How to Equip Your Gluten-Free Kitchen
With a few well-chosen resources and tools, you can safely feed yourself gluten-free and create your own recipes. Following are the essentials — and a few nice-to-have items — to get you started.
You can share utensils with gluten-eaters if the utensils are very clean each time you cook — but not within the same meal. Don’t flip gluten-free and gluten-filled pancakes with the same spatula or use the same pan. Keep everything separate for cooking and serving. Make sure gluten-free dishes have their own serving utensils, and watch that utensils that have been in gluten-containing food never make their way into the gluten-free stuff.
Before outfitting your kitchen, check with your parents to see what they have. They may be thrilled to hand over their perfectly good kitchen gadgets — and appreciate the excuse to upgrade.
Resources for your gluten-free kitchen
The most important tool in your kitchen is your head. It tells you what to cook, whether your food looks right, how to avoid dangerous crumbs, and so on. Of course, having some food-related reference materials on hand helps, too.
Here are some helpful resources for a gluten-free kitchen:
Cookbooks: An easy gluten-free cookbook and favorite recipe websites can be lifesavers when you don’t know what to cook for yourself. Be sure to have some gluten-free bread recipes on hand so you’re ready to address that unavoidable bread or cookie craving when it hits.
Friends and family: Do you have gluten-free friends or family? They’re a great resource for advising you on cooking issues that may arise. Even if Mom and Dad aren’t gluten-free, they may have some great cooking tips to share with you.
Restaurant options: Keep a list of gluten-free offerings from local restaurants. Find out which gluten-free foods a restaurant offers by looking at menus online and asking the manager when you visit.
Cookware and bakeware for a gluten-free kitchen
Having a small kitchen filled with too much stuff can be frustrating, so try to avoid having too many pot and pan choices. You can share pans with gluten-eaters if you wash thoroughly; however, it’s always easier to have your own set if a trace of gluten can make you ill. You can get by easily with the following pots, pans, and baking dishes:
Pans: Get one small (8-inch) and one medium (10-inch) nonstick skillet.
Pots: Be sure to have a small (2-quart) and a medium (3-quart) nonstick saucepan along with a pot large enough to cook pasta (6-quart).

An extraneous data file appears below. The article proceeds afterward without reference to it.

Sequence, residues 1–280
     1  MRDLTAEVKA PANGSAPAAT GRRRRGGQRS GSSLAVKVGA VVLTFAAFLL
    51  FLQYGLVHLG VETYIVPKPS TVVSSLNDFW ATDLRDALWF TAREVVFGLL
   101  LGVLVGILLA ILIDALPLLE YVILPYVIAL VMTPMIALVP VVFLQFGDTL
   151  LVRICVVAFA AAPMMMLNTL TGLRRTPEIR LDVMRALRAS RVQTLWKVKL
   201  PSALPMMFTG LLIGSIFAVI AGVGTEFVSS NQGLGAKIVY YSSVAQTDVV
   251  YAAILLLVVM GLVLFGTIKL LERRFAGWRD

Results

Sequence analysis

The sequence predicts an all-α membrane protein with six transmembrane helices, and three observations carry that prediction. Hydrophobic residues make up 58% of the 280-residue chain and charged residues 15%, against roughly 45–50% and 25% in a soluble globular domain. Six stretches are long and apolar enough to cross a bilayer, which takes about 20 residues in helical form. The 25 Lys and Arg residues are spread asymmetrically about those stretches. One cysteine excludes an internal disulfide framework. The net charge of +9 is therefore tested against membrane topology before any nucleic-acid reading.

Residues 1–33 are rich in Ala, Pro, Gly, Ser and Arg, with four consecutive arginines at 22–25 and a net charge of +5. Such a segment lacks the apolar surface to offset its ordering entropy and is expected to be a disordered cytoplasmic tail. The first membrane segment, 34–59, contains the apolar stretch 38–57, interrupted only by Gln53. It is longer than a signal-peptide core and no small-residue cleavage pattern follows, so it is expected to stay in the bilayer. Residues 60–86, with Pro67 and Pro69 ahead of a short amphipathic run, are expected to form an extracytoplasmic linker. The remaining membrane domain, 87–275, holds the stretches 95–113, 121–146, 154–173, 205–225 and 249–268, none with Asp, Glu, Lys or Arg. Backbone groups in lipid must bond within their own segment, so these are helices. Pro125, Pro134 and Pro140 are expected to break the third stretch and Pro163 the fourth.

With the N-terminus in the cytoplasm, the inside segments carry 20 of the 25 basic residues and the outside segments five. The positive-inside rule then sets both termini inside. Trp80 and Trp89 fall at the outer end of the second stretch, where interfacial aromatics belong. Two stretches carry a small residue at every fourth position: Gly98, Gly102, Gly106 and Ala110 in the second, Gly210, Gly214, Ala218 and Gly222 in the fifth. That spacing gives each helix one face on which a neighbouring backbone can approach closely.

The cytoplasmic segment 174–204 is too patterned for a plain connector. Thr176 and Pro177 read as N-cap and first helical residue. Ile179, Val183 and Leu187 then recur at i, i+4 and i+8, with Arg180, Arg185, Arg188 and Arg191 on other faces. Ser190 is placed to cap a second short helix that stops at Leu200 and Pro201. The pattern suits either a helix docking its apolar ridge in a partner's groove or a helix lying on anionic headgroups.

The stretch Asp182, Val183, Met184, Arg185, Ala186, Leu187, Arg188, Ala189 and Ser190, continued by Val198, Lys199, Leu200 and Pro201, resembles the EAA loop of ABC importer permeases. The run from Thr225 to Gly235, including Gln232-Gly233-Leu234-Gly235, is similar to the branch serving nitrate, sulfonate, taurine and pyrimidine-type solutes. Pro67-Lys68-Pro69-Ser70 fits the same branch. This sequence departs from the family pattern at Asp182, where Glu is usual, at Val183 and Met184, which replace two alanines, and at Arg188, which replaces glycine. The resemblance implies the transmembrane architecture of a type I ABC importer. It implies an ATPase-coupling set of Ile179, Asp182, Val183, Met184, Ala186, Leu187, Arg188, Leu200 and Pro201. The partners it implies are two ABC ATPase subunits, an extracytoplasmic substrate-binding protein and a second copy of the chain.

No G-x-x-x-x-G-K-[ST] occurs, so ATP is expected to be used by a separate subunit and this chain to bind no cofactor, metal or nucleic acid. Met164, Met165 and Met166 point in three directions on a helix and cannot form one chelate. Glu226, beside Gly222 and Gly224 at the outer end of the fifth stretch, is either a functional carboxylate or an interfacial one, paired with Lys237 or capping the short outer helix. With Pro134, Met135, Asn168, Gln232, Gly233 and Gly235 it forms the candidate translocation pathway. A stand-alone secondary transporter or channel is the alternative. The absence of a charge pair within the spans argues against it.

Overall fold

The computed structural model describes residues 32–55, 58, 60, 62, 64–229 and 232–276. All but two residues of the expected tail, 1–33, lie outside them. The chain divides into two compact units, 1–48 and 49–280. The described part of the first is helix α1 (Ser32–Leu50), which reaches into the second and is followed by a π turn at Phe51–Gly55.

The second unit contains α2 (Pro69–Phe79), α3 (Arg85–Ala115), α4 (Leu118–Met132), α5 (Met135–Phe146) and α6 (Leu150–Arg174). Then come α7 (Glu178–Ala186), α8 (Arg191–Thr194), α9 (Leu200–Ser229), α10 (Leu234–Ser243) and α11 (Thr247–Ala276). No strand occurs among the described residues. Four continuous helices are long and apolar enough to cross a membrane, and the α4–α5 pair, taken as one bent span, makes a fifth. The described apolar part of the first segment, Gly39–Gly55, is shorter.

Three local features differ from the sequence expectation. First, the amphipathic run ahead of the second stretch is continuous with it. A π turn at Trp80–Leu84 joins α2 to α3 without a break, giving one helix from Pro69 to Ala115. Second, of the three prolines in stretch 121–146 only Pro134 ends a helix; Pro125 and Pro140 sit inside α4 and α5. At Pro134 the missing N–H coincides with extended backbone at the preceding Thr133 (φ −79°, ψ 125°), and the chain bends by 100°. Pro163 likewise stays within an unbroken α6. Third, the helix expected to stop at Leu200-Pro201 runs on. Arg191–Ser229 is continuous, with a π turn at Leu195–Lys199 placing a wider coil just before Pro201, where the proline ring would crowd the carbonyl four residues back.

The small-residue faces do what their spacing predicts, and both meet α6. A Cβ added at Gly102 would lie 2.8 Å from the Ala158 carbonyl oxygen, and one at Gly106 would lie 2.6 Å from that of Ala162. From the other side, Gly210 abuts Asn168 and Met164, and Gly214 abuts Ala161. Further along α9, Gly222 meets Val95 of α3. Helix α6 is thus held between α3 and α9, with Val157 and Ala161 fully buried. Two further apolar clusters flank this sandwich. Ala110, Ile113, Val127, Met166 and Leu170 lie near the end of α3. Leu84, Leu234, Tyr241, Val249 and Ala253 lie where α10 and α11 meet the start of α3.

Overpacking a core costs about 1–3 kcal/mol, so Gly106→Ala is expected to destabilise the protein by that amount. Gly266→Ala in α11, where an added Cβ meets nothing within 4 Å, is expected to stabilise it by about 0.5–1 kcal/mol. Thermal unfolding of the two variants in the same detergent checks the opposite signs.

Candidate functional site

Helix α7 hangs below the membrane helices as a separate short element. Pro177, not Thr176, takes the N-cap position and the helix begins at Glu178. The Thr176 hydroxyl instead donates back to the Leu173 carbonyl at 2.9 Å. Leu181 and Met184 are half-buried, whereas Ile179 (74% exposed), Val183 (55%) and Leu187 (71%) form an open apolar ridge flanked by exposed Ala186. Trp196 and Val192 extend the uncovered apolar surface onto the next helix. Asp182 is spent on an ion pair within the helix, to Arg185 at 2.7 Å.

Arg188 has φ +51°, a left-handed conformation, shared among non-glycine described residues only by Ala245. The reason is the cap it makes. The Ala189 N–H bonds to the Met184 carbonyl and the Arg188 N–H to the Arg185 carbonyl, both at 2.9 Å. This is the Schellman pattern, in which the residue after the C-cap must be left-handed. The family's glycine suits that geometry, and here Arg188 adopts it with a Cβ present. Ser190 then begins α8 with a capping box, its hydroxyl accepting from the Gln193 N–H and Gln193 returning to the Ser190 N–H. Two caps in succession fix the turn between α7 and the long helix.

If the pots you may use have been used to cook glutenous foods before and they have any deep scratches, buy new pots.
Bakeware: Choose glass, metal, or ceramic bakeware in these sizes: a square 8-x-8-inch baking pan and a rectangular 9-x-13-inch pan. A 9-inch pie plate, a muffin tin, and two cookie sheets are also helpful.
Electrics for your gluten-free kitchen
Buy these few appliances, and you’re in business to cook in the modern world:
Toaster/toaster oven: Many gluten-free breads are better toasted, and the toaster oven affords a quick way to heat up a meal or broil something topped with cheese.
Microwave: This appliance offers the quickest way to cook a potato or a bowl of soup or reheat a refrigerated or frozen meal.
Electric mixer: You don’t necessarily need a fancy, expensive one. A hand mixer does the job just fine.
Blender: A blender is a college necessity. Use a blender for quick smoothies. Even a small hand blender can do the trick.
Can opener: Buy a good quality can opener. Especially for premade soups and other ingredients, you’ll want a reliable way to get at the goods inside the can. A small, inexpensive electric can opener can make your life much easier.
Other tools for a gluten-free kitchen
If you’re in a house or apartment, the following kitchen tools allow you to chop, measure, stir, flip, scrape, mash, and otherwise prepare and serve your food:
Mixing bowls: You need three mixing bowls: small, medium, and large.
Serving bowls: Be sure to have two to three serving bowls.
Knives and cutting boards: Keep your own cutting boards to make sure they’re used only for gluten-free items. Use one board for raw meat and fish and another for everything else.
Measuring cups and spoons: These are must-haves for baking!
Spatulas: Get a large spatula and a small one for flipping and serving.
Whisk: A whisk is a great way to make sure things are mixed well without having to pull out a blender or mixer.
Large spoons: You need big spoons for stirring as well as serving.
Vegetable peeler: Use a vegetable peeler for peeling all sorts of produce, especially apples, carrots, and potatoes.
Potato masher: Use a potato masher to make mashed potatoes and to mash up ingredients in soups while they’re cooking.
Colander: A colander drains your pasta or veggie water after boiling. It’s tough to get each little hole cleaned out, so have one dedicated to gluten-free food prep.
Potholders: Grab a potholder before grabbing your hot pots and cookware. These can get crumbs on them, so it’s best to have a dedicated set for gluten-free reaching.